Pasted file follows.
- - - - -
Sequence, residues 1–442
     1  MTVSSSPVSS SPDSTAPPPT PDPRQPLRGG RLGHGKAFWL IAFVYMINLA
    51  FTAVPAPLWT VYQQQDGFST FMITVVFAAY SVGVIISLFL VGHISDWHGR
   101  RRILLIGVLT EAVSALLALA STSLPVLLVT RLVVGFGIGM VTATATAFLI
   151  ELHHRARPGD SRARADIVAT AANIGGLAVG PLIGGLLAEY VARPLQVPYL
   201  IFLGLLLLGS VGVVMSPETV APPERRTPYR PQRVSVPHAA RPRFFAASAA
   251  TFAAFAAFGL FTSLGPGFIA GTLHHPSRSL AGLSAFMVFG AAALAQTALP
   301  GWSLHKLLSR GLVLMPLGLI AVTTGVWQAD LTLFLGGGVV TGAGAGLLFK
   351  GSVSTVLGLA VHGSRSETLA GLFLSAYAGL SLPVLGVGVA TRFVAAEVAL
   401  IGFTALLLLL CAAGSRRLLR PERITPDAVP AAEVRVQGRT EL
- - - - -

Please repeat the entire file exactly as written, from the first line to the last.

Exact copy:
Sequence, residues 1–442
     1  MTVSSSPVSS SPDSTAPPPT PDPRQPLRGG RLGHGKAFWL IAFVYMINLA
    51  FTAVPAPLWT VYQQQDGFST FMITVVFAAY SVGVIISLFL VGHISDWHGR
   101  RRILLIGVLT EAVSALLALA STSLPVLLVT RLVVGFGIGM VTATATAFLI
   151  ELHHRARPGD SRARADIVAT AANIGGLAVG PLIGGLLAEY VARPLQVPYL
   201  IFLGLLLLGS VGVVMSPETV APPERRTPYR PQRVSVPHAA RPRFFAASAA
   251  TFAAFAAFGL FTSLGPGFIA GTLHHPSRSL AGLSAFMVFG AAALAQTALP
   301  GWSLHKLLSR GLVLMPLGLI AVTTGVWQAD LTLFLGGGVV TGAGAGLLFK
   351  GSVSTVLGLA VHGSRSETLA GLFLSAYAGL SLPVLGVGVA TRFVAAEVAL
   401  IGFTALLLLL CAAGSRRLLR PERITPDAVP AAEVRVQGRT EL